What is surprising is the near absence throughout Africa of distribution networks beyond the few monopolistically owned cinema halls. For African filmmakers to get their work seen even within their own countries requires guile and grit. No-one could accuse Anne Mungai from Kenya of lacking the latter. As a woman in a continent where only two per cent of filmmakers are female, she is truly up against the odds.
Like others she has to organize her own methods of distribution, ferrying her films and a projector around rural areas. In the countryside she finds her audiences surprisingly appreciative – once they’ve reconciled themselves to the fact that her films aren’t all about sex or killing. If anything, movies like Mungai’s Saikati challenge the negative portrayal of African women found in the work of Northern and male African filmmakers. But it seems a shame that Mungai’s struggle has to incorporate the basic right to have her work seen by her own people.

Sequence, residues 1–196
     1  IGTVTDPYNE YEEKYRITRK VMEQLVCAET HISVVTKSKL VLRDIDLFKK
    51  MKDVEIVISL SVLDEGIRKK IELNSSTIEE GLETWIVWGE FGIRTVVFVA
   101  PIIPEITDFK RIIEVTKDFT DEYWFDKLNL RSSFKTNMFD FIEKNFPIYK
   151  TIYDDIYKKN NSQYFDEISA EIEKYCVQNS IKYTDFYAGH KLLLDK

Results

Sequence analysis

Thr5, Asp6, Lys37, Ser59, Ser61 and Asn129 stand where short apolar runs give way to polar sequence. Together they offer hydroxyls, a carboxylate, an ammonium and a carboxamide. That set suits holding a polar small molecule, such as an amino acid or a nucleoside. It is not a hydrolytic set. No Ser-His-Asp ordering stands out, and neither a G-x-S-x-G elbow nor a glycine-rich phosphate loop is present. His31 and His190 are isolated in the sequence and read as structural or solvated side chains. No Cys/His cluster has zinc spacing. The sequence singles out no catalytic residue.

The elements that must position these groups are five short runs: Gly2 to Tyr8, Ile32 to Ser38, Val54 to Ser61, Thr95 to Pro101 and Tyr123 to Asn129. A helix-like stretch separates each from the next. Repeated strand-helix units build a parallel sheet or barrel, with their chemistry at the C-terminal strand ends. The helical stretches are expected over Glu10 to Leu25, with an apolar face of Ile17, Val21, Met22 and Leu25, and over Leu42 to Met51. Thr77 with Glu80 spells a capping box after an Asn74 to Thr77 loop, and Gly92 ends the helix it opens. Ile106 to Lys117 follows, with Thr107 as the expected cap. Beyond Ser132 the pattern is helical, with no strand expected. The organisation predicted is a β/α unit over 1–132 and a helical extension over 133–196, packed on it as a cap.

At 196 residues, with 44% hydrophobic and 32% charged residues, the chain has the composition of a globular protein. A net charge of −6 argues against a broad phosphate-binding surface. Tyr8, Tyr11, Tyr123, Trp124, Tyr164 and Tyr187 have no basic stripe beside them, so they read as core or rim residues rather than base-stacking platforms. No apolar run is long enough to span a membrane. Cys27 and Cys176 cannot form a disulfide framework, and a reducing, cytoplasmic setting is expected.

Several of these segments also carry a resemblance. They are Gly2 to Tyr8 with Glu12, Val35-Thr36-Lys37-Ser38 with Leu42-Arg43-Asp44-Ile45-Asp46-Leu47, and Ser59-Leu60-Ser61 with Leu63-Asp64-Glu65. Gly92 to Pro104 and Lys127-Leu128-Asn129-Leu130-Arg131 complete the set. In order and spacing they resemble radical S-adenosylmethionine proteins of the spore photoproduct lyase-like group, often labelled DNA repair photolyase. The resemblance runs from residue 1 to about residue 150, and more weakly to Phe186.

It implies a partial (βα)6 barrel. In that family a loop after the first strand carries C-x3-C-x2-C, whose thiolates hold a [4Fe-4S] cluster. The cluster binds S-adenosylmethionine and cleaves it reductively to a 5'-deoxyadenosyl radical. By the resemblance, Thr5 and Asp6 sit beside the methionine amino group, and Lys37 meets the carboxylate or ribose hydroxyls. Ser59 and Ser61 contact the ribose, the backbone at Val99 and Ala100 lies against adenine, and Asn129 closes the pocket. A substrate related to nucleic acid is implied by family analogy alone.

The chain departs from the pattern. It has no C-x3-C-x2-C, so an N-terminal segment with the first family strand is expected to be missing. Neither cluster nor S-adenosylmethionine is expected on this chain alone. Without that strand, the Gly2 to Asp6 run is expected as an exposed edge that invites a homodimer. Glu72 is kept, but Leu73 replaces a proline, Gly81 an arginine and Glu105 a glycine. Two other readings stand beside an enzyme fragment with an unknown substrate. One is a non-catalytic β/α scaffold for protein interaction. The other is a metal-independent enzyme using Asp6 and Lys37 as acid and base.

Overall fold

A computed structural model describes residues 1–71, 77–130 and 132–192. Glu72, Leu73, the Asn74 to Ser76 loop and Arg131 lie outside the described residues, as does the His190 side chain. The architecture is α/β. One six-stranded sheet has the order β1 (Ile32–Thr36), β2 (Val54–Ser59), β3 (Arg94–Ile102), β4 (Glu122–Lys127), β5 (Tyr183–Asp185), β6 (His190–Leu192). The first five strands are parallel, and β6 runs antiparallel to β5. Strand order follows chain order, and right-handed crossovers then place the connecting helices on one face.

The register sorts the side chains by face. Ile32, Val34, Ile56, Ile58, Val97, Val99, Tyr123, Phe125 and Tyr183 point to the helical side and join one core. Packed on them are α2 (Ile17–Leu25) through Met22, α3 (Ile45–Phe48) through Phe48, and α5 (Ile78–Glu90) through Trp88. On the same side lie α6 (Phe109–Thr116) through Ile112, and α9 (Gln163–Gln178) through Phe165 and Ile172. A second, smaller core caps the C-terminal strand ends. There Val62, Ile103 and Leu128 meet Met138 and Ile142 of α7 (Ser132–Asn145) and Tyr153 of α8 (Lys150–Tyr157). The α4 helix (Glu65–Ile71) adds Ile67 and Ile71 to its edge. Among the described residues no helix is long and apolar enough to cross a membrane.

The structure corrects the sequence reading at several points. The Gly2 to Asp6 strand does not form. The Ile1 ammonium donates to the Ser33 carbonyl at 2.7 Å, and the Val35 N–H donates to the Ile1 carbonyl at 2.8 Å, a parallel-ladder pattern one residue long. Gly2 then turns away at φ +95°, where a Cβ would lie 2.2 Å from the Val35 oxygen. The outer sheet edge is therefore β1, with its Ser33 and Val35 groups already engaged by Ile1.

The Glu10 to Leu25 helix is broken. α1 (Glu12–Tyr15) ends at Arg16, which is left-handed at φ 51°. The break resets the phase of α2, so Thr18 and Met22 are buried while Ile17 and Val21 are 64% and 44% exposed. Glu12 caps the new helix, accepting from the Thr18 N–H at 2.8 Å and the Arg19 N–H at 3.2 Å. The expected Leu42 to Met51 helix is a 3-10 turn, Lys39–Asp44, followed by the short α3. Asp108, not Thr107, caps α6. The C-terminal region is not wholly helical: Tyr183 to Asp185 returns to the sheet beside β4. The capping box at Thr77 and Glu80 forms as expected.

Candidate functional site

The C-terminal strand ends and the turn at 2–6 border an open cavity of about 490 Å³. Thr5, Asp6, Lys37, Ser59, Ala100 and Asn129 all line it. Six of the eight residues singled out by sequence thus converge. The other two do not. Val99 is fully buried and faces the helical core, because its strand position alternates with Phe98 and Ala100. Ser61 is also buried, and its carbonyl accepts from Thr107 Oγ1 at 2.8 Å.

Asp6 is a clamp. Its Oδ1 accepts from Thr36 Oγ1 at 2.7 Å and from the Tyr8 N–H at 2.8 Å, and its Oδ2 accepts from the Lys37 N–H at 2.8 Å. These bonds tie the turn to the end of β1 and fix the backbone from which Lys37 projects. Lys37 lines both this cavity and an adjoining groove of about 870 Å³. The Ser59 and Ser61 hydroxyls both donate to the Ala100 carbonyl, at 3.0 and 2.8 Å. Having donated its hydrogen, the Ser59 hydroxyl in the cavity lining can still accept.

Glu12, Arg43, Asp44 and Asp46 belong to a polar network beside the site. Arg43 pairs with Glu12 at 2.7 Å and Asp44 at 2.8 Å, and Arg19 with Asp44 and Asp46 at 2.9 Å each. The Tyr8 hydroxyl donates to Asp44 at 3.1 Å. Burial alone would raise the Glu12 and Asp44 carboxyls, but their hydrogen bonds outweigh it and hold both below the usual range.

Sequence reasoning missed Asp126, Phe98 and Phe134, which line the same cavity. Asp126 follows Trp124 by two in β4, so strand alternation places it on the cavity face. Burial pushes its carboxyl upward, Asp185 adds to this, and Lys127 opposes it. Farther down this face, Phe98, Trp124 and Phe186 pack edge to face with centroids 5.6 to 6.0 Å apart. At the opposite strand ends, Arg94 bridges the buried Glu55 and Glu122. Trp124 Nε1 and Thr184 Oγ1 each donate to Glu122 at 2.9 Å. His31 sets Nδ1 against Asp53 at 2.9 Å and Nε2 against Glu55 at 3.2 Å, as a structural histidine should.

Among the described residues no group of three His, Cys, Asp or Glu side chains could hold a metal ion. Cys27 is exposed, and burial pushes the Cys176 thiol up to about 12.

For more on African films see: www.africaatthepictures.co.uk
This article is from
the May 2000 issue
of New Internationalist.